Potential students map way through IUS campus

IUS Horizon

Gus the Grenadier helps out an attendee during the Open House “Map Your Course” on Oct. 29.

IU Southeast held its fall Open House, with the theme “Map Your Course,” on Oct. 29 in the University Center.

Coordinators of the event chose the theme “Map your Course,” to put students on the right track and reduce the stress associated with entering college.

High school seniors from around the IUS recruitment area, including 14 counties in Indiana and five in Kentucky, walked the paths through buildings on tours and attended workshops to get a look at the campus and information about the next steps needed to continue their education.

JoAnna Jarboe, counselor for Admissions and coordinator for high school recruitment, said they used the usual channels for getting the word out about the programs at IU Southeast.

“We have radio spots, press releases and do presentations during study hall in the schools,” Jarboe said, “but the timing and the beautiful weather has really boosted attendance this time.”

There are also four other people on the recruitment team representing schools from Louisville and Indiana, as well as private schools and various other colleges, including Ivy Tech and Jefferson Community and Technical College.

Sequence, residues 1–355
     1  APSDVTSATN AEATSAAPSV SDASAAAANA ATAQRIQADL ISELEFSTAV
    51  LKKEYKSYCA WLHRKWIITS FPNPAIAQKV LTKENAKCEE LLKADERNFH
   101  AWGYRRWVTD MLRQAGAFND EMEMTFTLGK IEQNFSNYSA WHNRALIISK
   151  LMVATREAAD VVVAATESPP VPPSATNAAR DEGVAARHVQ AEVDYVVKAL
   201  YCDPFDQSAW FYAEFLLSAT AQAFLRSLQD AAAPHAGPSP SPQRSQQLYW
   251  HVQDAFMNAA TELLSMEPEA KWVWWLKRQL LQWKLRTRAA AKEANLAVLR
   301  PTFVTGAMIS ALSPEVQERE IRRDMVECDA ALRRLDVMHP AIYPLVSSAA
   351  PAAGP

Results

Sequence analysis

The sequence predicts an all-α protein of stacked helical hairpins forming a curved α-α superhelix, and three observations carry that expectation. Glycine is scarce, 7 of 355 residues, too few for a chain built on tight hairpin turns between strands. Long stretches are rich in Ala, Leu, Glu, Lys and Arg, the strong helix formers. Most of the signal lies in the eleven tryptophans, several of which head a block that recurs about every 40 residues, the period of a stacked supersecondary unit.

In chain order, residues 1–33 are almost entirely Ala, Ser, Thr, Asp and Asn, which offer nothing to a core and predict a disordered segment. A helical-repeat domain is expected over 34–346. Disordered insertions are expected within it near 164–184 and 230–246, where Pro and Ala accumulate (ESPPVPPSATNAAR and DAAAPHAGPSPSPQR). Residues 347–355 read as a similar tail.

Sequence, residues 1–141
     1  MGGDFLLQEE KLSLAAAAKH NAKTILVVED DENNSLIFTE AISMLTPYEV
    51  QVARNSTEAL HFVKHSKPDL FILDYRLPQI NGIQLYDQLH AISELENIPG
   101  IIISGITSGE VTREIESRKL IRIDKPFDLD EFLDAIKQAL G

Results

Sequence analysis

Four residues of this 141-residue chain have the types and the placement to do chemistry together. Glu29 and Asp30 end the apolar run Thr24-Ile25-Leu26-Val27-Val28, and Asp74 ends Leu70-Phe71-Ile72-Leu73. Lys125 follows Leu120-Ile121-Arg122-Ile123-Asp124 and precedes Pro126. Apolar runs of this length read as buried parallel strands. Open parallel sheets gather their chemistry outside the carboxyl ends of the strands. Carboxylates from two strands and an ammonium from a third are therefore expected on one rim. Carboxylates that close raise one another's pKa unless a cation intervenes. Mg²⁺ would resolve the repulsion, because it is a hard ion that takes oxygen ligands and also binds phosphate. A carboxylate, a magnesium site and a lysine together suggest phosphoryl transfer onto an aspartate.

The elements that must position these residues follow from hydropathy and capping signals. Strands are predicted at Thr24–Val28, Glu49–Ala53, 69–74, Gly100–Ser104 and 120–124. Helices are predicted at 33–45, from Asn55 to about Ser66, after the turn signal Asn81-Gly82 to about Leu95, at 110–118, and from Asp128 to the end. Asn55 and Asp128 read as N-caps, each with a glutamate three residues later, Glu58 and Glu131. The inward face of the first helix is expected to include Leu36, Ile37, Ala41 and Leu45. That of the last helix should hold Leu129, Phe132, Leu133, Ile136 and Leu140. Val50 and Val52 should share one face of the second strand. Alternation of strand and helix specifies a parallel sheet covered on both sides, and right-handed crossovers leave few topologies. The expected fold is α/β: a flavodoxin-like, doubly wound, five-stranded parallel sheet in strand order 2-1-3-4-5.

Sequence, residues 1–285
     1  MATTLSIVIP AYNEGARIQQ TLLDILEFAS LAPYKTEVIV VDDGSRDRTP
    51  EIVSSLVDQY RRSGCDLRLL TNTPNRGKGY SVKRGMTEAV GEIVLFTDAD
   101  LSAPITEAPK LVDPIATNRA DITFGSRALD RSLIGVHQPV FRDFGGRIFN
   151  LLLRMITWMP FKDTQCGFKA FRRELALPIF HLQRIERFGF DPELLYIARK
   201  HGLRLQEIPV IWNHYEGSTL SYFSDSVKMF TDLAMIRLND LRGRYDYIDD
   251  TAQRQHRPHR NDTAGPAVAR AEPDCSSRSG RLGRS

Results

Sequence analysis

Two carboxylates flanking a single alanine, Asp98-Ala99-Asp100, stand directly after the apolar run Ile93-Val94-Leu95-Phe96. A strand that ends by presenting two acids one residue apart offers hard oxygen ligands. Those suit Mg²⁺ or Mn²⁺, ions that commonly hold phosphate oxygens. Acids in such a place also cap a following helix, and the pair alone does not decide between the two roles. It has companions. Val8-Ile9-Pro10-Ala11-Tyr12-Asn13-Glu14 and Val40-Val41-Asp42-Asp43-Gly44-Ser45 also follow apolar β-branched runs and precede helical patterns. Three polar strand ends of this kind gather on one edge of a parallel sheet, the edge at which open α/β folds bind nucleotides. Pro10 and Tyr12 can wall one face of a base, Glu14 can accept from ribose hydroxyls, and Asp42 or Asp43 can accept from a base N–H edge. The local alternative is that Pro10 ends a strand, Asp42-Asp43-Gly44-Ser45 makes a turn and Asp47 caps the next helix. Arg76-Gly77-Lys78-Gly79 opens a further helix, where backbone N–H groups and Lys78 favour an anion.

The weather was also in favor of those taking the campus tours, which began in The Commons.

Of the 257 students who attended the event, more than half were preregistered through an invitation they received in the mail.

A large portion of the students were from Kentucky who are eligible for in-state tuition rates through the Metroversity Program, which is offered to five counties in Kentucky — Trimble, Bullitt, Mead, Jefferson and Oldham.

As students arrived at the University Center, they were directed to the Hoosier Room to sign in and check out the 27 booths set up to answer questions.

All available majors were represented by various schools such as Nursing, Education, Continuing Studies and Natural Sciences, as well as services related to student life, such as the Career Development Center, Campus Life and Residence Life and Housing.

Jarboe said she thought on-campus housing was a contributing factor to the successful turnout.

Kelly Tormoehlan, 17, and her friend, Tristan Graham, 17, were brought to the open house by Tormoehlan’s mother, Margaret Tormoehlan.

“We want to stay at Forest Lodge,” Kelly Tormoehlan and Graham said in unison.

Both women were interested in the psychology studies and education.

Margaret Tormoehlan said the fact that the campus is not really part of the city was an attraction.

“It’s smaller and seems safe and secure, which is a relief when thinking of sending my daughter away for school,” Margaret Tormoehlan said.

There was also a workshop called “Next Steps” presented exclusively for students who were already accepted for admittance.

A financial aid workshop was held at two different times and advising sessions for those interested in the graduate education programs were available.

There were also three specific open houses for the School of Business, School of Nursing and the School of Natural Sciences, which gave interested students the opportunity to meet with faculty and staff, see the labs, visit the clinic and conduct experiments.